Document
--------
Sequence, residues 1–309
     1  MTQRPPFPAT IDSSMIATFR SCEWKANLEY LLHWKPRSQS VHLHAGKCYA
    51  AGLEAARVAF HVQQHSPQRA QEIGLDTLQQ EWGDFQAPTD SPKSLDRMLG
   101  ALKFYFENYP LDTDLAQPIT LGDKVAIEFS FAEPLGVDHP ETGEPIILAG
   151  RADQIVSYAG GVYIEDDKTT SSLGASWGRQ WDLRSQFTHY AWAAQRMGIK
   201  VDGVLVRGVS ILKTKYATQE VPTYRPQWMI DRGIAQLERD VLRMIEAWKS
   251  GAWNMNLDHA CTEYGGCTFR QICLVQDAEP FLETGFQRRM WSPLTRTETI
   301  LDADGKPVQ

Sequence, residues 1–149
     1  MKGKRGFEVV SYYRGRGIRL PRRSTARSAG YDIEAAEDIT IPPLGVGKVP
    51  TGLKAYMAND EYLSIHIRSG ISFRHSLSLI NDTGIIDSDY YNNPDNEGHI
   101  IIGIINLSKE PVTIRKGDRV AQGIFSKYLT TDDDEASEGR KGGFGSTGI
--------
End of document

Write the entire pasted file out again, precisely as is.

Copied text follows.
Sequence, residues 1–309
     1  MTQRPPFPAT IDSSMIATFR SCEWKANLEY LLHWKPRSQS VHLHAGKCYA
    51  AGLEAARVAF HVQQHSPQRA QEIGLDTLQQ EWGDFQAPTD SPKSLDRMLG
   101  ALKFYFENYP LDTDLAQPIT LGDKVAIEFS FAEPLGVDHP ETGEPIILAG
   151  RADQIVSYAG GVYIEDDKTT SSLGASWGRQ WDLRSQFTHY AWAAQRMGIK
   201  VDGVLVRGVS ILKTKYATQE VPTYRPQWMI DRGIAQLERD VLRMIEAWKS
   251  GAWNMNLDHA CTEYGGCTFR QICLVQDAEP FLETGFQRRM WSPLTRTETI
   301  LDADGKPVQ

Sequence, residues 1–149
     1  MKGKRGFEVV SYYRGRGIRL PRRSTARSAG YDIEAAEDIT IPPLGVGKVP
    51  TGLKAYMAND EYLSIHIRSG ISFRHSLSLI NDTGIIDSDY YNNPDNEGHI
   101  IIGIINLSKE PVTIRKGDRV AQGIFSKYLT TDDDEASEGR KGGFGSTGI